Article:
METS VS. ROYALS: A WORLD SERIES PREVIEW by Tom Brennan
All teams in the playoffs present a challenge. The KC Royals are a very good 95 win team. They’ve won two playoff series to get the World Series. Very good.
So were the Dodgers. So were the Cubs.
Both of those teams, already very good, overweighted their playoff games started by their 2 aces. Normally, they’d have started 40% of their teams’ games. Against the Mets, they started 2/3 of the 9 games the Mets have played so far. Despite that distortion, the Mets won 7 of 9. The Mets of August to present, like the Mets of 1969 from August to finish, are really good.
My pick to win ALL THE MARBLES? Mets over Royals in 6.
Actually, I think it could be 5 games, but the gate receipts for at least one more game will come in handy when re-signing Murphy and Cespedes.
Some writers like to go position by position.
I will just do it by just 4 categories, starters, relievers, infield, outfield.
1. STARTING PITCHING
METS: Similar to the Dodgers and Cubs, at playoff time, the Mets eliminate the starters that helped limit us to 90 wins this season: no Dillon Gee, no John Niese. Even no Bartolo Colon, who was pretty decent as a starter in 2015.
Those 3 had a combined ERA of a substandard 4.30, and were just 23-26. What we’re left with to start our playoff games is the big 4: Jake deGrom, Matt Harvey, Noah Syndergaard and Steve Matz. All outstanding, all ready.
The youngsters (Thor and Matz) are both ready to dazzle: Matz perhaps less so, because he had so few starts and the injuries did not allow him to accelerate by season’s end to where he would have been otherwise. However, Matz has enough starts under his belt, and enough veteran composure, to excel as well.
Syndergaard, the 100 MPH man, is emulating Doc Gooden circa 1984 at season’s end. Gooden went from splendid with a few growing pains in his first 150 innings, to flat out spectacular after the 150 innings mark in 1984. Thor is doing a repeat of that Doc stretch. Spectacular. On a par now with deGrom and Harvey.
Oh yeah, before I forget - deGrom and Harvey? Simply, two of the top pitchers in baseball, both well rested by the series start.
Those 4 aces combined for 40-23, 583 regular season innings, a WHIP of about 1.05, 593 Ks, and an ERA of about 2.70. In the 9 playoff games, even better. In the World Series, expect dominance from them.
ROYALS: They had 10 pitchers start games in 2015. The best of all of them was former Met Chris Young (11-6, 3.06), followed by Edison Volquez at 13-9, 3.55. Their starters are inferior to what the Dodgers and Cubs threw at the Mets.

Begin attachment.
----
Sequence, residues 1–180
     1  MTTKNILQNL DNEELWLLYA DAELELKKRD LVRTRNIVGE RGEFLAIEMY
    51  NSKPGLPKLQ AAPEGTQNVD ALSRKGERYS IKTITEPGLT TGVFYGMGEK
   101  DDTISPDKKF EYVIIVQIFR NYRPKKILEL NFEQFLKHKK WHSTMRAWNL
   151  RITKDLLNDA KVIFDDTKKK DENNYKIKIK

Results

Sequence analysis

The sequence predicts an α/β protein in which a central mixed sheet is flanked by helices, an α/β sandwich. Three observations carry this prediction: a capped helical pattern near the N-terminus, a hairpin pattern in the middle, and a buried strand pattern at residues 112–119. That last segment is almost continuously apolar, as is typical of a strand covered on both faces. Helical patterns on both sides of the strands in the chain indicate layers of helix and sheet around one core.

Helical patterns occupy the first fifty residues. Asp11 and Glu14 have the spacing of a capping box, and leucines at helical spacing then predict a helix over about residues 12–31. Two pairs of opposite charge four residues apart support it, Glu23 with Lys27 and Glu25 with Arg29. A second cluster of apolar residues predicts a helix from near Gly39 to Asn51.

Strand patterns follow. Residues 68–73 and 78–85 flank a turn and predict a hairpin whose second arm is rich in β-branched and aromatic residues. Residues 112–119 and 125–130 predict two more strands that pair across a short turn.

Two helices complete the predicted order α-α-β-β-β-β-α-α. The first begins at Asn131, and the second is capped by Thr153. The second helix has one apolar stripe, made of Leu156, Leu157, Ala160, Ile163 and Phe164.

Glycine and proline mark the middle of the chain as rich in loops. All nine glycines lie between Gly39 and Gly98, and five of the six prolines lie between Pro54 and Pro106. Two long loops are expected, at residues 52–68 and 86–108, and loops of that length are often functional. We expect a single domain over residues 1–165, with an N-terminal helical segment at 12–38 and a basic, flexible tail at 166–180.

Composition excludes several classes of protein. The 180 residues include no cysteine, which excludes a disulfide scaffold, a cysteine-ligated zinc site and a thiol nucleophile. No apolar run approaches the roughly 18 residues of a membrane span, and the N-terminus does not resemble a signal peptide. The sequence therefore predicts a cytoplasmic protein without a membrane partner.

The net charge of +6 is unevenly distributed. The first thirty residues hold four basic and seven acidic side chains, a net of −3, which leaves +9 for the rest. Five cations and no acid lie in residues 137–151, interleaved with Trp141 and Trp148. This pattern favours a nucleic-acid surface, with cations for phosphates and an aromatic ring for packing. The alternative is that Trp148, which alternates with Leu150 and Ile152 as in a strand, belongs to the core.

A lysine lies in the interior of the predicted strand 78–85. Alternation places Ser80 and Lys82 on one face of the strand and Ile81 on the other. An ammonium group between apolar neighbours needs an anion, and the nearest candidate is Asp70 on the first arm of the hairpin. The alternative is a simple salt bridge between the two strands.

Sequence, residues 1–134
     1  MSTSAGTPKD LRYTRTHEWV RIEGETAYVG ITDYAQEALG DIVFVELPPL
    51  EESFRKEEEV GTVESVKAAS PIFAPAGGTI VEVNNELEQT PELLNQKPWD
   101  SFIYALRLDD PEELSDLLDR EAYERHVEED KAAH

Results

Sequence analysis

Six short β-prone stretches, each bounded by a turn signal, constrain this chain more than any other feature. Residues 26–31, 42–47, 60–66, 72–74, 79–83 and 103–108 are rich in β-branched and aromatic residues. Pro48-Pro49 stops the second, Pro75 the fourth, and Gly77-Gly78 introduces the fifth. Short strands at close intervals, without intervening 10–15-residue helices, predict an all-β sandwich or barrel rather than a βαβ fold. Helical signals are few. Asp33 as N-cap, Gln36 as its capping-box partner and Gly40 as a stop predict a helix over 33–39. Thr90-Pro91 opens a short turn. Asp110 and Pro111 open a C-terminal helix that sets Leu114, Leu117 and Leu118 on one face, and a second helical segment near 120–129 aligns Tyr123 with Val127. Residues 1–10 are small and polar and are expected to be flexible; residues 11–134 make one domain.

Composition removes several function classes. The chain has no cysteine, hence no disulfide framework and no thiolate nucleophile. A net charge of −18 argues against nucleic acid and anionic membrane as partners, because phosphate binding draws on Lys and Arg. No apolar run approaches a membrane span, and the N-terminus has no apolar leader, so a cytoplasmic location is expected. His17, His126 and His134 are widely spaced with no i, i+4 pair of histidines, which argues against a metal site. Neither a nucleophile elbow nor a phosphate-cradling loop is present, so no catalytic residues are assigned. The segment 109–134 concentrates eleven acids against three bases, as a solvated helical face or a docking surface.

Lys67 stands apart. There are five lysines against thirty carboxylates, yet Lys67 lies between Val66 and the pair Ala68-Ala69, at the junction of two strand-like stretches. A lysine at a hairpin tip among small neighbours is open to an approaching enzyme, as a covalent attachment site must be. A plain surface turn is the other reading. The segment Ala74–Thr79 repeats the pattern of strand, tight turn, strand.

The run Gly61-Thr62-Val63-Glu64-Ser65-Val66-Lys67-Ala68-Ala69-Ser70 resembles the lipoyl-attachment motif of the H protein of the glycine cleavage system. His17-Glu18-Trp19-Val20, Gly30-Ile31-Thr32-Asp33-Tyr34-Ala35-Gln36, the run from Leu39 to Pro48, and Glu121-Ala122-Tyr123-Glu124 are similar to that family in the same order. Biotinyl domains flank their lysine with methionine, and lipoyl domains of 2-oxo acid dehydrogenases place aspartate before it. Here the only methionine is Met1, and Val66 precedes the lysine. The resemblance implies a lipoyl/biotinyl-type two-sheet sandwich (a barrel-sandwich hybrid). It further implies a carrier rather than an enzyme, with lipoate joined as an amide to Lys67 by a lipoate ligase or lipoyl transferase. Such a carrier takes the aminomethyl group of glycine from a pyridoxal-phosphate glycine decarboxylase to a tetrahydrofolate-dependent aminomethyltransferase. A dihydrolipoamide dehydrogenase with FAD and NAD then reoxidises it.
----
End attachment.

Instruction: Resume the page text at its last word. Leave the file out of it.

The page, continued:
Huge advantage in starting pitching, Mets.
2. RELIEF PITCHING
ROYALS: Over a full season, the KC pen was strong and generally superior to the Mets’ pen. Wade Davis was terrific with a 0.94 ERA, 17 saves, 8-1 record, 0.79 WHIP, and more than a K per inning. Outstanding reliever Greg Holland saw his ERA spike to 3.84 in 2015 after 3 of his previous 4 seasons having ERAs well under 2.00. But Holland still saved 32 of 37. Flame-throwing Kelvin Herrera, hard-throwing Ryan Madsen, Luke Hochevar, and lefty Franklin Morales round out the key members of a very fine pen.
METS: Terry Collins and Sandy Alderson did a lot of tap dancing with a pen that had several key injuries, and at times early in the season looked ready to crumble. Yet with late-season acquisitions, plus the superb and improving closer for the Mets in place in Jeurys Familia, the pen ended up far stronger at season’s end than it was most of the season. Addision Reed was a superb late season pick up, Tyler Clippard was great until late in the season and is a bit suspect right now but a gamer, hard-throwing Hansel Robles can be used in a limited spot, and starters-turned-playoff-relievers Bartolo Colon and Jonathan Niese makes the Mets pen almost the equal of the Royals’ pen. With the Mets’ superior starters, the KC slight pen advantage is further minimized. I’d rate the two bullpens essentially even, for those reasons.
METS: The Mets have, in catcher Travis d’Arnaud, 1B Lucas Duda, SS Wilmer Flores, and 3B Captain David Wright a solid foursome. They also have the surreal Daniel Murphy at 2B, currently the best player on this or any other planet. Utility guys are solid in Kelly Johnson and Juan Uribe, and also available for use as needed is Michael Cuddyer, and so it is an above-average infield contingent with the bat, and an average one with the glove.
ROYALS: Infield edge goes to KC. But not by a lot. The combo of 1B Eric Hosmer, 2B Ben Zobrist, SS Alex Escobar, 3B Mike Moustakas, and catcher Salvador Perez is a very strong one, with a combined average of about .280 with solid run production, power, and speed. Them boys is good.
METS: The Mets trotted out a bunch of under-performing minor leaguers early in the season, both in the outfield and in the infield. Alderson made a gargantuan improvement in the outfield when he added Yoenis Cespedes at the trade deadline, and further spiked the quality of the outfield with the accelerated debut of Michael Conforto. Curtis Granderson proved to be the consummate lead off man, getting on base, hitting with power, and running adroitly. Gold glover Juan Lagares and veteran Michael Cuddyer (plus, if needed, Kirk Nieuwenhuis) give the Mets a clearly above average outfield.
ROYALS: Lorenzo Cain had a super season, and he and part-time super-speedster Jarod Dyson stole a combined 54 of 63 bases, so they can wreak havoc with their speed. Messrs. Gordon, Rios, and Orlando give them 3 more solid outfielders. Close, but I give the outfield edge to the Mets.
In the infield, outfield, and bullpen, the two teams are evenly matched.
The Mets, however, have the lethal rotation, quite a large advantage over KC.
Given the inordinate impact that an elite rotation can have in a series, I believe (as noted) that the Mets win the World Series in 6 games, perhaps 5 games.